Here's how you can set the email address to have the Data Extension Import Notification sent to.  Hopefully this can help someone else in the same situation.

1. From the main Marekting Cloud dashboard, select Contact Builder under the Audience Builder menu. (While I had been trying to figure all of this out I had been looking at the Data Extension configuration, and then tried looking for the Import Definition -- I couldn't image it would be under the Contact Builder section.)
2. Select Imports from the top nav bar.
3. Find the import definition in the g…

How To Set Up Extra Application Initialization in an Angular App

Angular includes a constant called APP_INTIALIZER. As of the time of this writing, the Angular docs page on it looks like this:

I'm pretty sure they've updated the page since the first time I looked at it, at which point it said even less than what is shown above. And even the expanded documentation above isn't exactly clear as to how to use this. So I'll elaborate.

In your app's module file, you can declare a provider that provides APP_INITIALIZER. And you can tell it to use a certain function via the useFactory property.

For example, in my app.module.ts, I import my environment constant which contains environment-specifc config settings, and I've declared a function called initializeApp() which initializes my AppConfigService with envrionment:

import { environment } from'../environments/environment';
exportfunctioninitializeApp(appConfigSvc: AppConfigService) { return () => { appConfigSvc.init(environment); } }
Then, when I used @NgModule()

Getting Moment.js to Work with Angular 6 and Higher

One of the reasons I blog here is so that I'll have an easy way to find things I needed to figure out, so that I don't need to figure them out again. And I really do need to keep that in mind. Today, a co-worker of mine asked me for help getting Moment.js to work with an application using Angular 7. Before I could find a solution, he found one already in the code in a different area.

When I looked at the file in question, I'd written it (sigh). I didn't remember the problem (or the solution) until seeing the file again. At the time, I'd been trying to get Moment.js to work with Angular 6. Here's the simple solution:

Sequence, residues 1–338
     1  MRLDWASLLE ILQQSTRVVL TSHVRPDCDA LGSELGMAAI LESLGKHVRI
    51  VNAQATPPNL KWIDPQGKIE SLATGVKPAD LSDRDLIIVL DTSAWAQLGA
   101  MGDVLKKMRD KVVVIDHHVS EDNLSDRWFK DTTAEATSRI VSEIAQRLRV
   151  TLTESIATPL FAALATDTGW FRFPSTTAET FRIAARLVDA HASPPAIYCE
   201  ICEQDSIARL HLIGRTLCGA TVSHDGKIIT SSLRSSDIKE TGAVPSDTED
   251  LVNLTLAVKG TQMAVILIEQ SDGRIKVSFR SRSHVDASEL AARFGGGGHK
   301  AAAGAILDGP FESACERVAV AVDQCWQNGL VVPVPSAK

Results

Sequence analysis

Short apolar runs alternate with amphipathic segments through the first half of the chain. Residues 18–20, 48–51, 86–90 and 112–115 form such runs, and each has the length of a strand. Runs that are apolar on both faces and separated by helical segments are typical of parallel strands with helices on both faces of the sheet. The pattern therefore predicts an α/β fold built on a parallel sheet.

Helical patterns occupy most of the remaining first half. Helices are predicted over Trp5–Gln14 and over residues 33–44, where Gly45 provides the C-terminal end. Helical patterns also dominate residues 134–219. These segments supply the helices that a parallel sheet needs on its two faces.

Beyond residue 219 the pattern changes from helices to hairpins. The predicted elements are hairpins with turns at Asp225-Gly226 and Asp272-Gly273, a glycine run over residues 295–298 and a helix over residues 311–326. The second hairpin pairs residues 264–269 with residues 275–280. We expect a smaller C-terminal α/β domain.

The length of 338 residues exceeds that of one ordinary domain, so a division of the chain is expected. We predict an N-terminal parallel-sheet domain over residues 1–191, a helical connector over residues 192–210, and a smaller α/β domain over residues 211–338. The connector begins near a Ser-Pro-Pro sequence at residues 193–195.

//Moment doesn't want to behave in Angular 6. Here's the workaround. import * as moment_ from'moment'; const moment = moment_;
And then you just the use moment constant like this:

payload.birthDate = moment(profile.birthDate).toDate();
I think I probably found this solution on Stack Oveflow, so I can't really take credit for…

I Love The Cheesy Hallmark Channel Christmas Movies

(Updated 12/2/2018)

I have a soft spot for TV, movies, and music that are considered...let’s say less than the best. Sometimes entertainment that is unintentionally bad is more enjoyable to me than something comparatively decent. And the Hallmark Channel Christmas movies fit that bill for me.

Are they bad? Well, not really. But they’re incredibly cheesy (IMHO). I watched them every chance I had during last Christmas season, and this year I plan to do the same. Here are the reasons I find these movies so cheesy, and why I love them so much.
They’re essentially Lifetime movies - Okay, now stay with me here. There’s nothing wrong with Lifetime movies, and I don't want to give you the wrong impression. It's just that these movies follow the same general formula: the lead character is female (either a professional or a small business owner), the story deals with romantic relationships, and the male lead is unrealistically perfect and the type of guy that makes us real-life guys look…